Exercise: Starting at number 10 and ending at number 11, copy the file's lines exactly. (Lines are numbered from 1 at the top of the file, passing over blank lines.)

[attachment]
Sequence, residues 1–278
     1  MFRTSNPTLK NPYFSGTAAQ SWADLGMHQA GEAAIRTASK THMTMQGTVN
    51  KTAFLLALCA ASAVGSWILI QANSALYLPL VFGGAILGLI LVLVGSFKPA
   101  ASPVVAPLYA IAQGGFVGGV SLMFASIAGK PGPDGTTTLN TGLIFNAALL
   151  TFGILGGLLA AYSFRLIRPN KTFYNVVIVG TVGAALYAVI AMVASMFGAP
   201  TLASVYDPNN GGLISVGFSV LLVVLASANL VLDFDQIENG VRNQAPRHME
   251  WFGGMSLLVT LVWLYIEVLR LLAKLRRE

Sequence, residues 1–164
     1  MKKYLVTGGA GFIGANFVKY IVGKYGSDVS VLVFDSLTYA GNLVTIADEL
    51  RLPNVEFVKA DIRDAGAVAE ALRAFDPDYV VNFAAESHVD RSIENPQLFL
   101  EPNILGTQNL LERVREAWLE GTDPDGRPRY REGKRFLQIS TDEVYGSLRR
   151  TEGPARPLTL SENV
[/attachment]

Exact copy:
    51  RLPNVEFVKA DIRDAGAVAE ALRAFDPDYV VNFAAESHVD RSIENPQLFL
   101  EPNILGTQNL LERVREAWLE GTDPDGRPRY REGKRFLQIS TDEVYGSLRR